Emma Bull has written a fair number of novels in her career and all of them are superb in their own way. Be it Bone Dance, Finder or War for The Oaks, all are superbly written. So when I recently was looking for a novel to read on one of the many cold, rain’t nights we’ve had this Autumn, I turned to Finder, a novel I enjoy re-reading every few years.
My personally autographed copy of the hardcover edition is subtitled A Novel of The Borderlands, which tells you that it’s set in The Borderland ‘verse created by Terri Windling. It’s not the only Borderland novel: her husband, Will Shetterly, wrote two splendid novels set here, Elsewhere and Nevernever. I, however, think that it’s the best of the three.
Any novel that I re-read must have three aspects: interesting characters, a compelling story, and a good sense of where the story’s set. Finder has all three in spades.
First, it has a first-person narrator in Orient, a young male, who has the psychic ability to find anything if the right question is asked. So when his elf friend, Tick Tock, adds him to find her missing wrench in exchange for supper, little does he know that his life will become the whim of others. There are plenty of characters, all well-fleshed out, and all moving the story along.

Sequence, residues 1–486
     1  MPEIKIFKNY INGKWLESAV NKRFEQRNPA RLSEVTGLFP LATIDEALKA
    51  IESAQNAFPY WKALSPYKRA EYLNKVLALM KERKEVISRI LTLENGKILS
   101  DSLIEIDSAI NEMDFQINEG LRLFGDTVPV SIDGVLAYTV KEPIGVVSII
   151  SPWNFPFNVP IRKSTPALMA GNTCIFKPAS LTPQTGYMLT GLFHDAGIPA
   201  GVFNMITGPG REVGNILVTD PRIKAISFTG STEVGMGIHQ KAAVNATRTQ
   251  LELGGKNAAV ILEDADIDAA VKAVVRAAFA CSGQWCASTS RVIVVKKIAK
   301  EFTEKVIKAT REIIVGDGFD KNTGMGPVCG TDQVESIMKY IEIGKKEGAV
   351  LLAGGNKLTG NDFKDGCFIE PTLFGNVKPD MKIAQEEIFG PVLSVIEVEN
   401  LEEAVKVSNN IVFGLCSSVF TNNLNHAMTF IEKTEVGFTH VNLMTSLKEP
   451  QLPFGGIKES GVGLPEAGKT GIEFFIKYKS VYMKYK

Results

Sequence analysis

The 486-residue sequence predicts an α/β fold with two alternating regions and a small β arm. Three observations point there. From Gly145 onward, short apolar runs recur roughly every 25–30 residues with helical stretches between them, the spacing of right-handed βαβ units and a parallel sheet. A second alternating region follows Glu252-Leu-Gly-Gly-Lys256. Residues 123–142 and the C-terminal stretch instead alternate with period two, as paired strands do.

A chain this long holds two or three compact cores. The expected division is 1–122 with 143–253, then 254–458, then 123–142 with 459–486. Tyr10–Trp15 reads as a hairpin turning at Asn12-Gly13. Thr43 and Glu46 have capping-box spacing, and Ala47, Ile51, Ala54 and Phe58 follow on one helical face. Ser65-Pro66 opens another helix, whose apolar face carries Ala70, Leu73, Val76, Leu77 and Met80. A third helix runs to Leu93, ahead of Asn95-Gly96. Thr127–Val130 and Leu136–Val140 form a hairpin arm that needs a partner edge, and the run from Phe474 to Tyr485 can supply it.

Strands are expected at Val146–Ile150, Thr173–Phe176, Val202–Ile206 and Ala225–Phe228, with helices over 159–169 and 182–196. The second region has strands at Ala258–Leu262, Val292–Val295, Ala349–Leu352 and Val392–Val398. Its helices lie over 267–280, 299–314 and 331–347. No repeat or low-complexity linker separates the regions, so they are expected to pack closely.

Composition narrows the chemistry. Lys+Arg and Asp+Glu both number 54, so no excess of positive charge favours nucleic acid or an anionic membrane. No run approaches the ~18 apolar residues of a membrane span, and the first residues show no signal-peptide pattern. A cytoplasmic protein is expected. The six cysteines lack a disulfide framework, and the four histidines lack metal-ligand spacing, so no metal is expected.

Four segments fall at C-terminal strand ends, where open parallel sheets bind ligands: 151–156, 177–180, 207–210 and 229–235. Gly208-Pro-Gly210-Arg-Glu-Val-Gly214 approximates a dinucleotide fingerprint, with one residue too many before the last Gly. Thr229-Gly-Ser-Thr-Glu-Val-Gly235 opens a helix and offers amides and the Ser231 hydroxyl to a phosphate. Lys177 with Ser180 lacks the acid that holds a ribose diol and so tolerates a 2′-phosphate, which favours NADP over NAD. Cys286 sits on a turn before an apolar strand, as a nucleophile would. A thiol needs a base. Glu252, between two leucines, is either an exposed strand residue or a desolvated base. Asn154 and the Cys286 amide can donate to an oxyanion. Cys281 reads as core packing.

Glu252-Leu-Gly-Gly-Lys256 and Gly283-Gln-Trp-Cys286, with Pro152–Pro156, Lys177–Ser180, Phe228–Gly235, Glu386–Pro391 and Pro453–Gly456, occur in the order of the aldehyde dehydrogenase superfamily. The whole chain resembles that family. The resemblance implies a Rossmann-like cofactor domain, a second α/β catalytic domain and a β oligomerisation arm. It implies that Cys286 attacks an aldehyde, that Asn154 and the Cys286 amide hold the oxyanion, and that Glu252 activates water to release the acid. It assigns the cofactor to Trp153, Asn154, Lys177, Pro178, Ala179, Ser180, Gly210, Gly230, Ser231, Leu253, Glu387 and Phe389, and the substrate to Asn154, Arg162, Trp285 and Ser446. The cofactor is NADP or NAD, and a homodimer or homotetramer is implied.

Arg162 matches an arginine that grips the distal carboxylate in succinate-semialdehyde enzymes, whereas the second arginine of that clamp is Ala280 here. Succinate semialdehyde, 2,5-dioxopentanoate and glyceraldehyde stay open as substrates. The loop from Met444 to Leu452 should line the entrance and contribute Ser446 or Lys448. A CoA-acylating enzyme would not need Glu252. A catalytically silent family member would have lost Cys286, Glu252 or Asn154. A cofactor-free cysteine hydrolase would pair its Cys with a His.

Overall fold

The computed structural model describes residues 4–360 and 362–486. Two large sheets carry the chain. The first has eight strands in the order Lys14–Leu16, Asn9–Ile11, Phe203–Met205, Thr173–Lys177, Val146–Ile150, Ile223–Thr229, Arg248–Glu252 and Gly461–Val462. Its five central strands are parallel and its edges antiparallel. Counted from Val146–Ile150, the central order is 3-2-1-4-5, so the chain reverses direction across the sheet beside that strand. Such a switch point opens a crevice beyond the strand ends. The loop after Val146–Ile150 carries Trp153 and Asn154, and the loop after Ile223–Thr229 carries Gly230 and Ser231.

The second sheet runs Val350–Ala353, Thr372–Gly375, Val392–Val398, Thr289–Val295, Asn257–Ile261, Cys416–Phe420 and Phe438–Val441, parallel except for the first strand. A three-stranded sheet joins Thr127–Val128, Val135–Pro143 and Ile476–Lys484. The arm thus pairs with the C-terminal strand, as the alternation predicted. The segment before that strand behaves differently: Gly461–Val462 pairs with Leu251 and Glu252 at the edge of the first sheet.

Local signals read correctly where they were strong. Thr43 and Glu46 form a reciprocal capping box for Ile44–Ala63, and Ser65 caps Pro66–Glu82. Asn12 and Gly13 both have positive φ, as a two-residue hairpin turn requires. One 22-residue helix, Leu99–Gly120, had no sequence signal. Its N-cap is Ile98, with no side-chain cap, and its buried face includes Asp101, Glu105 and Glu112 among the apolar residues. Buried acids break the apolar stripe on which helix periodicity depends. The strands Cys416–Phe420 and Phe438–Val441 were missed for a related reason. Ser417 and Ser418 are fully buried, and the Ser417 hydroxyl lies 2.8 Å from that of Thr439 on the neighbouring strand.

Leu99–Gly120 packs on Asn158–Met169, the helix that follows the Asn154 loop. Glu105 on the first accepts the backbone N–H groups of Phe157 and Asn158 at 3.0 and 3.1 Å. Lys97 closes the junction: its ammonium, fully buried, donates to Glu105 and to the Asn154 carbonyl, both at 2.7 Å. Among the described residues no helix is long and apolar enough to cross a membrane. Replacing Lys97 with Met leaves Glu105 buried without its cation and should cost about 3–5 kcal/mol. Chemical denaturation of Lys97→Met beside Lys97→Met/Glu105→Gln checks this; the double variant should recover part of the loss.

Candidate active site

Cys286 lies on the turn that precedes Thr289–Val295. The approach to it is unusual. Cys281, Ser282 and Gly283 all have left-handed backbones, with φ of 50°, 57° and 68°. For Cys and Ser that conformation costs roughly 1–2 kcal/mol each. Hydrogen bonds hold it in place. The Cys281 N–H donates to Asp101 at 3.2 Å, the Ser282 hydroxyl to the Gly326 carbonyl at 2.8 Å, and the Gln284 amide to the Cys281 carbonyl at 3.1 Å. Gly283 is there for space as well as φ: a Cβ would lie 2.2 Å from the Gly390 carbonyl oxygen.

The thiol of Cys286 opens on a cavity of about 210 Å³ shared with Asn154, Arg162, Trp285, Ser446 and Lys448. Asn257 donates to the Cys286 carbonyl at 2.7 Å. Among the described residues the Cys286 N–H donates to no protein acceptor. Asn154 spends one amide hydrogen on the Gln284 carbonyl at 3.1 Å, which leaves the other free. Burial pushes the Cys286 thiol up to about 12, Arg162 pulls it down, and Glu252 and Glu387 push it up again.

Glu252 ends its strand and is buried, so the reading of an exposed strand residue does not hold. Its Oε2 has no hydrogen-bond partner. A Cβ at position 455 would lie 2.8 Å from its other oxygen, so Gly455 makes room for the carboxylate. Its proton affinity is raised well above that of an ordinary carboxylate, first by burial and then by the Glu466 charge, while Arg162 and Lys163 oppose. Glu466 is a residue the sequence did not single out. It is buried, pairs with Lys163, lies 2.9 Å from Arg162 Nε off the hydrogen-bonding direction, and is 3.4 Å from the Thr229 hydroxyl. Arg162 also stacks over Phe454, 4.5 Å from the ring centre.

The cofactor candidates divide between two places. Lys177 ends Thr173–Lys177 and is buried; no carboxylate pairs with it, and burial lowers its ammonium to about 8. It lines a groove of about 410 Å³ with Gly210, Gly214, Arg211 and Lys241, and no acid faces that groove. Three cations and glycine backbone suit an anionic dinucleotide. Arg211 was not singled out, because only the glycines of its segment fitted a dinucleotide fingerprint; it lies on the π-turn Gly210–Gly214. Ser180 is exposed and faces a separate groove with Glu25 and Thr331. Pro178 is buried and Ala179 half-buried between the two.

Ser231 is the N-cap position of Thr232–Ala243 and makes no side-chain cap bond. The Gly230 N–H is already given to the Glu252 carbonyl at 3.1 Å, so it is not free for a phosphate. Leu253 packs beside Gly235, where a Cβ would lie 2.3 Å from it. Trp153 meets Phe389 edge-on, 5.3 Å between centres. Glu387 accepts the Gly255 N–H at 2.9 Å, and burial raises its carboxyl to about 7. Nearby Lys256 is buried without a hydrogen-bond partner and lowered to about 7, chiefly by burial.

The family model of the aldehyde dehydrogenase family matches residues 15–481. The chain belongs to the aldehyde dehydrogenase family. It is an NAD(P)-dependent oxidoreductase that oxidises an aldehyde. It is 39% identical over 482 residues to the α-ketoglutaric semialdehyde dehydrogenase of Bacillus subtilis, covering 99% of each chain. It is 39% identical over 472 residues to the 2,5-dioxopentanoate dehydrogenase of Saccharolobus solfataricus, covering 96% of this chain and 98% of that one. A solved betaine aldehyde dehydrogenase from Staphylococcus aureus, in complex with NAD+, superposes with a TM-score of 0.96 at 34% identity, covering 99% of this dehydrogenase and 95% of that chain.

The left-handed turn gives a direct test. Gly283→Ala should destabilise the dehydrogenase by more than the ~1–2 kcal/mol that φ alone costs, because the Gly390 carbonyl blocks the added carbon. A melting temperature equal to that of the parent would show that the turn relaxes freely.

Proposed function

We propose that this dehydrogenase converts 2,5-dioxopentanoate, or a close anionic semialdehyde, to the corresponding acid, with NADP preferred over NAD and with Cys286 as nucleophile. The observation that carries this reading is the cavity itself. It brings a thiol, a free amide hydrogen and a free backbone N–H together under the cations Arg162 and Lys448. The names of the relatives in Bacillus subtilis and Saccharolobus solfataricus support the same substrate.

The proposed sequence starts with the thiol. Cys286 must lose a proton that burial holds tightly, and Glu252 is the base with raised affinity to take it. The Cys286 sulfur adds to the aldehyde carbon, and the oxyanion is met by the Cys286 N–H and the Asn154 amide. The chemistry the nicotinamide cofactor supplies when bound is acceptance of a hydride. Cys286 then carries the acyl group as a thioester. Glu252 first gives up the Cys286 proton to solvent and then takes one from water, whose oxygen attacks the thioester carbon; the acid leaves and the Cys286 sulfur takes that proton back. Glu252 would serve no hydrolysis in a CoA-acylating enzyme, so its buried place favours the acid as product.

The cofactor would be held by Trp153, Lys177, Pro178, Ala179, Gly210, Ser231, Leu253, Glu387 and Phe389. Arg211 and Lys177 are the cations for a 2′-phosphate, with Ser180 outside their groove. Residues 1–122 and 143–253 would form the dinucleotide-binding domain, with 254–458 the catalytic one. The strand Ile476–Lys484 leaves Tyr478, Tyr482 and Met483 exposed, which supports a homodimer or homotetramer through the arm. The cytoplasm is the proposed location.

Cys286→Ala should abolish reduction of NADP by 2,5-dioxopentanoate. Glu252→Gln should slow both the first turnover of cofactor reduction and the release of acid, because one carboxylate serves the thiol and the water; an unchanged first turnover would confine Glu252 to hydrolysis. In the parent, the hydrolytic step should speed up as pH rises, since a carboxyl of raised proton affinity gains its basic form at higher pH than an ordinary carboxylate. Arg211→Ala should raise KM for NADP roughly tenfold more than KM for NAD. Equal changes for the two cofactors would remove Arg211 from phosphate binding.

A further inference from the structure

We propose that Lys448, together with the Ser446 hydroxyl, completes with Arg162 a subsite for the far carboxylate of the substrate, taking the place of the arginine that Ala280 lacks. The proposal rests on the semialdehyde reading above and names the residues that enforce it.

Second, it has a compelling story weaving two apparently disparate plots into a single thread that make perfect sense. And Emma pulls no punches; bad things will happen to folks no matter how central they are to the story. A lot of story get packed in its just over three hundred pages and it moves smartly along.
Third, Emma does the best job in this long -unning series of making the Borderland series of making the central setting (naturally called Bordertown) feel as if it were an actual place, a neat trick as too many such places feel not quite real. Everything here really does as if you could walk down Mock Avenue, have a drink in the Dancing Ferret, and hear the Horn Dance perform as they came down the street.
Emma has done this three times, using Minneapolis as the setting in both Bone Dance and War for the Oaks, and Bordertown here. If you read this novel after reading these notes, do go on to read these other novels. You won’t be disappointed!